But nothing has matched the tightly-focused fellowship I have had with my apologetics colleagues. They have stretched me to my intellectual limits in philosophy, physics, ethics, hermeneutics, theology, and on and on. And I love every minute!

Love to all,

Darren

Good Criticism Takes Work

If you looked at this mess and said, “I don’t like Thomas Kinkade’s paintings” you would be revealing more about yourself than you would about Thomas Kinkade.
And yet, often critics look at the disordered bits of the Christian world view that they are vaguely familiar with, and proclaim “I don’t like Christianity”.

Again, they are unwittingly revealing more about themselves than about Christianity, because they have not done enough work to understand the thing that they are criticizing.

It take work to put together a puzzle. And it takes work to put together the pieces of someone else’s world view in your own mind. But it is critical to reserve judgment until you have understood the thing you are judging.

For puzzles, it’s easy. Look at the box.
For world views, read an apologetics book that puts the pieces together in a concise way in modern language.

I highly recommend J Warner Wallace’s Cold-Case Christianity or God’s Crime Scene or Greg Koukl’s The Story of Reality

Should Christians expect to know God’s will by means of feelings and intuitions?

This is the most popular topic I have ever presented on the college campus. Students typically flood the front area to ask questions afterward. The subjective, feelings-based, and mystical discernment model that has become the folklore of American Christianity is severely hurting the young adults I serve.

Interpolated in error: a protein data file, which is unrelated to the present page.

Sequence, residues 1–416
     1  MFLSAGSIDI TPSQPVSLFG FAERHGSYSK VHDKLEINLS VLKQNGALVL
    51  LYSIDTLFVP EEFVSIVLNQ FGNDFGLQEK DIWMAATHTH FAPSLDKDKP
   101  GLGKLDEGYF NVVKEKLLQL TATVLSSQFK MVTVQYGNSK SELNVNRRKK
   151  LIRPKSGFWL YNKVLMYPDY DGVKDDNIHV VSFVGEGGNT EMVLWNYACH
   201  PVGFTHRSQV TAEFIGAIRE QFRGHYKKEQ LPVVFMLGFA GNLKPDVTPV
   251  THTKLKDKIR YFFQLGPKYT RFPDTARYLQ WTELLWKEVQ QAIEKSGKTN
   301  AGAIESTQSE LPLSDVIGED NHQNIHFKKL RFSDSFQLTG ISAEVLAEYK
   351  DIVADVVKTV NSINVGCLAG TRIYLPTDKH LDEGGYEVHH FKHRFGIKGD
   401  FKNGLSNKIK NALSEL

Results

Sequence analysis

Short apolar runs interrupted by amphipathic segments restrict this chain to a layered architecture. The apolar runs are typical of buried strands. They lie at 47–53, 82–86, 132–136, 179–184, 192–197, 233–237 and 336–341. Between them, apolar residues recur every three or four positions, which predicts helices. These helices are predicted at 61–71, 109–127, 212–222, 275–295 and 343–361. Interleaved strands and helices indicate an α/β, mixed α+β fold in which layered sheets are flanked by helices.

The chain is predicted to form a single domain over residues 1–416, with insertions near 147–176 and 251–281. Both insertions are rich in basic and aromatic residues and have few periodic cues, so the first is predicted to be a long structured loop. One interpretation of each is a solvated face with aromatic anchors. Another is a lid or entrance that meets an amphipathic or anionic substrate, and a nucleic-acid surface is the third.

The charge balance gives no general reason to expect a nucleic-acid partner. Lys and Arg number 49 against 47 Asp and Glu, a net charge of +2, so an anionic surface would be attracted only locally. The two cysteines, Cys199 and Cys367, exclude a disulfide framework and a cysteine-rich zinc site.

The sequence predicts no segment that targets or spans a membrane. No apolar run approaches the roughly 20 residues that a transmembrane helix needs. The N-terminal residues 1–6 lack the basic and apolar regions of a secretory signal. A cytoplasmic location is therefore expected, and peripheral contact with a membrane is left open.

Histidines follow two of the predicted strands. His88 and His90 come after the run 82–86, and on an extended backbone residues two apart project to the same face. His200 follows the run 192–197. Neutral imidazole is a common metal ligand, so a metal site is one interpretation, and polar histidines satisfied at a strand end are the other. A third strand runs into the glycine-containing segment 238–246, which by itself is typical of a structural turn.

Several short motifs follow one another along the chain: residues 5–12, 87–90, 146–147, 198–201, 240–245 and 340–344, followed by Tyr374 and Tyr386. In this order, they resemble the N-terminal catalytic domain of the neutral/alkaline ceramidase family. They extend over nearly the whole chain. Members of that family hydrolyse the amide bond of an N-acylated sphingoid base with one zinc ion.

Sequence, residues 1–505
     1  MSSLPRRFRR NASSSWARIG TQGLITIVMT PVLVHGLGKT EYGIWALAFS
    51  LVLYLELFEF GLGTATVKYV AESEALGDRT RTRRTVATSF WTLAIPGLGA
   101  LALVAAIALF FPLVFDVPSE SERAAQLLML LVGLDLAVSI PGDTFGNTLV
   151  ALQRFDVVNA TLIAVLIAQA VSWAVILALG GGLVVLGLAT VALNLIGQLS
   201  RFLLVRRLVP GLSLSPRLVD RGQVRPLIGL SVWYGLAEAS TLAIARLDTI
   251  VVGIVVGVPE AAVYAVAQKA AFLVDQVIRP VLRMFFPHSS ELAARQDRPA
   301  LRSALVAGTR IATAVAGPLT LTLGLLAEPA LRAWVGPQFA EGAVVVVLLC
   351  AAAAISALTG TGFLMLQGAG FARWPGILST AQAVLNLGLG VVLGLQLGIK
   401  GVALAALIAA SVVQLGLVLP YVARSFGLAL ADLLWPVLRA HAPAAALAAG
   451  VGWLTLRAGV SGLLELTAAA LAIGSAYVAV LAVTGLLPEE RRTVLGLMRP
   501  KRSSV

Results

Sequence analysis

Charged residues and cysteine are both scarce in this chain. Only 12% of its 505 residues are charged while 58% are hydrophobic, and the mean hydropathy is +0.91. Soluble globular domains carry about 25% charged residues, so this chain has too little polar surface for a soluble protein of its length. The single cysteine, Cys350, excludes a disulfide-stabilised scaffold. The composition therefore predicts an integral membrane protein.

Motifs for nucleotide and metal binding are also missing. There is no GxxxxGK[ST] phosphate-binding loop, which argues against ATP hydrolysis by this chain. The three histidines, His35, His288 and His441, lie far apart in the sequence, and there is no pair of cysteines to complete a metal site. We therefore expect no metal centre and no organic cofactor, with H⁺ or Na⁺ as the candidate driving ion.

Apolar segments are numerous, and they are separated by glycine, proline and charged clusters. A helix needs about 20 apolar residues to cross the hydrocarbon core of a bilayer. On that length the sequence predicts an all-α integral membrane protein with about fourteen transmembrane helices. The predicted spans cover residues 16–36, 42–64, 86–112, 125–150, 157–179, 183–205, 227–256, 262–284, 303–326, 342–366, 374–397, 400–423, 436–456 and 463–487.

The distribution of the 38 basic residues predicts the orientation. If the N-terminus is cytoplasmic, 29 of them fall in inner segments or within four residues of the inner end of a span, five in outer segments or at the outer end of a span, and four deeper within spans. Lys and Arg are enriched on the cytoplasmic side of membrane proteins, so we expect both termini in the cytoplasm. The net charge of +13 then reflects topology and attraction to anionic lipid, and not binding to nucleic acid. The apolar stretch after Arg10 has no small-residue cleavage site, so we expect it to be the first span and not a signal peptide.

Thanks for posting on this topic, Wintery Knight.
-Darren

WINTERY KNIGHT

I have a key that will unlock a puzzling mystery I have a key that will unlock a puzzling mystery

There are two views on the topic of decision making and the will of God. The view you learn in the church is called “the traditional view”. I call this view the feelings/intuition view. This view that elevates feelings / intuitions to the level of divine communications from God. The more practical view is called “the wisdom view”. I call this view the battlefield commander view. I am a proponent of the wisdom / commander view.

Let’s learn about the two different views:

[The traditional view is] that God has a plan for our lives and that we receive guidance through methods such as “open and closed doors”, “feeling led” and “the still, small, voice”.

[The wisdom view] holds that God does not have an “individual will” for our lives, but rather that all of God’s will can be…